After missing five in a row, I’m getting back into the swing of my Tuesday morning NA meeting. Save for an Alcoholics Anonymous meeting that I went to once (somewhat unintentionally), it’s the only one I’ve ever been to in Jacksonville. I go because I figure it’s good for me or – at the very least – it’s not bad for me. When the time rolls around each week, I don’t usually want to go but that’s sort of why I do. It’s so rare these days that I have to do anything that I don’t want to; I feel like an NA meeting each week is a good way to stay in practice for the times when something I’m even more averse to comes up. It’s self-discipline of sorts.
Which isn’t to say that I don’t draw while I’m sitting there, but I do it pretty discreetly (on the pages of my text) and I don’t draw anything that requires the kind of concentration that’d prevent me from paying attention to everything being said. Yesterday, I drew this on page 390 of my Narcotics Anonymous book and then added the color later on at home. The title/sentiment is part repetition of “Selfish Program” and part preemptive “fuck off”/”take your own inventory” to anyone who might get it in their head that they’re my unsolicited new sponsor.
The meeting was on the eleventh tradition, which “deals with our relationship to those outside the Fellowship [of Narcotics Anonymous].” Specifically, “we need always maintain personal anonymity at the level of press, radio, and film” and “advertisements, circulars, and any literature that may reach the public’s hand.” That was written decades ago and some people think it should be updated to explicitly include the internet; I don’t see how anyone could interpret it as not already including the internet but – either way – I don’t maintain personal anonymity. The first sentence of my Bio has my real name because I think the power of a lot of my disclosure / honesty would be lost if I were using a pseudonym as a mask (and not just ’cause I’m a ridiculous human being). In any case, no one’s supposed to present themselves publicly as a member of Narcotics Anonymous and no one should ever purport to represent Narcotics Anonymous. [By the way, these guidelines are virtually identical in every twelve-step program (those I’m familiar with anyway)].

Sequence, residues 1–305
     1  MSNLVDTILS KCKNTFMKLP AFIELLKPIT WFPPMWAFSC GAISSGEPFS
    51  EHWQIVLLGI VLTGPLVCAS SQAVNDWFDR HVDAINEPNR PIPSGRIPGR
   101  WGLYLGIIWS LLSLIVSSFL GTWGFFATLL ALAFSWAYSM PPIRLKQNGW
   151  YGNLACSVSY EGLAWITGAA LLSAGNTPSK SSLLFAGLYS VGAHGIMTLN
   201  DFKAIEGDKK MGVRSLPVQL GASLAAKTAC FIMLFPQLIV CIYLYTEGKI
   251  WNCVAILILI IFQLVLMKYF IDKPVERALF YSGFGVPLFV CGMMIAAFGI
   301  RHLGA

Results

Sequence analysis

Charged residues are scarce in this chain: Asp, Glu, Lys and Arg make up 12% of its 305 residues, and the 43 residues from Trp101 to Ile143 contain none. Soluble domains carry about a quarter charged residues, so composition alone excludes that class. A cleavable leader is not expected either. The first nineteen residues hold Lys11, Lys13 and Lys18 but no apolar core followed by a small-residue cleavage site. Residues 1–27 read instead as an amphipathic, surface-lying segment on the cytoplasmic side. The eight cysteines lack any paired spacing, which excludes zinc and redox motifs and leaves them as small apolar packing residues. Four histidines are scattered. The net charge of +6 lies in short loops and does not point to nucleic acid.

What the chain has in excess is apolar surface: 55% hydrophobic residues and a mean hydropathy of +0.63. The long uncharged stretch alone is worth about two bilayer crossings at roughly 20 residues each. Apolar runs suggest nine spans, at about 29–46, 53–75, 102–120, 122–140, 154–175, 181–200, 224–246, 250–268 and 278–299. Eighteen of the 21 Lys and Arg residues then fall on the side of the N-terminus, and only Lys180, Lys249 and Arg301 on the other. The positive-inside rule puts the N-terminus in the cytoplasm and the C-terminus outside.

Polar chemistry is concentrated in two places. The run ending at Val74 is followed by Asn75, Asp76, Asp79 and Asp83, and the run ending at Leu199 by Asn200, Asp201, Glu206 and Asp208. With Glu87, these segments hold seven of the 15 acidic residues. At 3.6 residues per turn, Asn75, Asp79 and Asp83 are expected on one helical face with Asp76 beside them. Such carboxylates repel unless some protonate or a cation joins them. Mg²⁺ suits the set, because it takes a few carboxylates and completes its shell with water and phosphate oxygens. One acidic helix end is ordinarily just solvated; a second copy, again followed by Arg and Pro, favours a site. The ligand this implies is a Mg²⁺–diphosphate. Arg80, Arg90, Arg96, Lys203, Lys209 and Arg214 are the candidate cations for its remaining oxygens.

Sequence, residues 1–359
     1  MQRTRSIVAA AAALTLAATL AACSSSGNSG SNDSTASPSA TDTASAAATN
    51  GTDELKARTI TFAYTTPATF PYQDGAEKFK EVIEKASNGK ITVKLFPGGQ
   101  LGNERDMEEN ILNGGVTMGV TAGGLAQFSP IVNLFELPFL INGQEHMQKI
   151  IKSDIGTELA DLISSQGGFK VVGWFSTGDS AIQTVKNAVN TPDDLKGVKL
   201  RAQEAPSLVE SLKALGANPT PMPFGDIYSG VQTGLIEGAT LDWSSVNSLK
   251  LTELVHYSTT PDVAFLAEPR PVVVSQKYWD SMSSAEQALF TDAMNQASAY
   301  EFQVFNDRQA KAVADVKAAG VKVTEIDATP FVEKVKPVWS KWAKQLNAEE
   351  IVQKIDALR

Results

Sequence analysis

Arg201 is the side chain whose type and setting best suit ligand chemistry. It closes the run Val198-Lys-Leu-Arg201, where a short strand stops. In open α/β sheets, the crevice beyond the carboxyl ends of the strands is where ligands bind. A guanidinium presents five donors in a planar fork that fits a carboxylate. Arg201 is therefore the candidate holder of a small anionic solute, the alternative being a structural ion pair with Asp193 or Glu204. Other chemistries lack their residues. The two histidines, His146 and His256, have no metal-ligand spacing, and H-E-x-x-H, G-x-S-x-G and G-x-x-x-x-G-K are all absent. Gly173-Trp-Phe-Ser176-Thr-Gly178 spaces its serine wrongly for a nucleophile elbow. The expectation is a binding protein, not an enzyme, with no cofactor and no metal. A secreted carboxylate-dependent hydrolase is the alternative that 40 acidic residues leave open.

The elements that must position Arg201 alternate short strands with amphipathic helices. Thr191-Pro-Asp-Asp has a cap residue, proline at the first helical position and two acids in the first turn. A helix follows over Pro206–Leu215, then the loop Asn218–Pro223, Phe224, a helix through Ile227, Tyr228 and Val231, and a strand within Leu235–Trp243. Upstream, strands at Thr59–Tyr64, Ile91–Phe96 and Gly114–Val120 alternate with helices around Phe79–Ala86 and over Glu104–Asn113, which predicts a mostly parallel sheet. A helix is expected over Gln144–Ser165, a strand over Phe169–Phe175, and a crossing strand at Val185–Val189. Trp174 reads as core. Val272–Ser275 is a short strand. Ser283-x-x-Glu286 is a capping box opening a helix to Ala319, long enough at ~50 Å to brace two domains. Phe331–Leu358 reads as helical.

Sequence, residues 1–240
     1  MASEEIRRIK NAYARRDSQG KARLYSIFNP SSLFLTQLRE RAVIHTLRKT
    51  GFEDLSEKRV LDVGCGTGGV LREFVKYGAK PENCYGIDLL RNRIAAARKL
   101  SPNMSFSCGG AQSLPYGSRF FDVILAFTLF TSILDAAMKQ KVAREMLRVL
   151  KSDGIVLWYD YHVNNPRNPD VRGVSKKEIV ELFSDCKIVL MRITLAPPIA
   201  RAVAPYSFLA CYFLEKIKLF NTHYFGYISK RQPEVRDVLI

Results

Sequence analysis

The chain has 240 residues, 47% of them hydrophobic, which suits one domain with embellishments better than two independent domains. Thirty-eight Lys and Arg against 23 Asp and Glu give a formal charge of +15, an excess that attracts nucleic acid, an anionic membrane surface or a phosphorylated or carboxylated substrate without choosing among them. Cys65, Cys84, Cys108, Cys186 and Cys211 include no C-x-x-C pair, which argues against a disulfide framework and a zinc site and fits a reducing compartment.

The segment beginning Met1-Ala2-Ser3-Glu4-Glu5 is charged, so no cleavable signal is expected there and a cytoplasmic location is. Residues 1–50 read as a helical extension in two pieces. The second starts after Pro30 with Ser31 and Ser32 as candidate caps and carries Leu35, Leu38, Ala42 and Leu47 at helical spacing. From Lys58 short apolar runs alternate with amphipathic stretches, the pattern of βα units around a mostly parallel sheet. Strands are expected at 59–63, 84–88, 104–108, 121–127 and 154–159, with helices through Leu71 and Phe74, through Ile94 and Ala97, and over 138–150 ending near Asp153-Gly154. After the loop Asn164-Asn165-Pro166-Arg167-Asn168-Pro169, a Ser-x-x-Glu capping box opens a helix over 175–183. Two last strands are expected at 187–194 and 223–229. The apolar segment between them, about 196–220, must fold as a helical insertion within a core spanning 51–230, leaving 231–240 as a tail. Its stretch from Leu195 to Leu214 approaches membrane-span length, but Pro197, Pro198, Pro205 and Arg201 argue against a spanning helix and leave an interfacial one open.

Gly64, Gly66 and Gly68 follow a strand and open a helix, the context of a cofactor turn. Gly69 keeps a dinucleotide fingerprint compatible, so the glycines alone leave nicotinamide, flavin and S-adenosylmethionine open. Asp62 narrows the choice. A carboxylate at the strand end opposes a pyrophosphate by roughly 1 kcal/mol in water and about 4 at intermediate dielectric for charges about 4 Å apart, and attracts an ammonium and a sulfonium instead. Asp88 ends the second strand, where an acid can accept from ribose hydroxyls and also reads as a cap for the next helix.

So I was thinking about that: Do I violate the Eleventh Tradition with (just about) every thing I do?
My answer: Nah. If I were to ask anyone at my regular meeting if I’m a member of NA, they’d say,”Of course!,” and pat me on the back to assuage my doubt. But do I consider myself a member of NA? Not really.
Yeah, I’ve worked the steps, I go to meetings (sometimes), and the way I live is pretty thoroughly in line with the principles and recommendations of the program – but that’s not because they’re the principles and recommendations of the program; we just happen to line up more often than not. And I certainly don’t purport to be a representative of any group/program. Shit – I’m not sure I’ve ever brought up AA or NA [in my writing] without making some kind of distinction between their program and mine.
While I’d recommend a twelve-step program to anyone struggling with anything, none of those programs were the magic bullet for me. The words in their books don’t resonate with me the way they do with others “in the rooms.” A lot of people say, “AA/NA saved my life.” I am not one of those people.
My counselor, Tracy, saved my life. Julie and expressive art therapy saved my life. It was everyone at Tranquil Shores (and everyone that supported me from outside) that saved my life.
And punk rock? Well, if I’m being honest, it didn’t really do SHIT in the life saving department but – without it – who would even wanna live?
“Icepick” by Tenement
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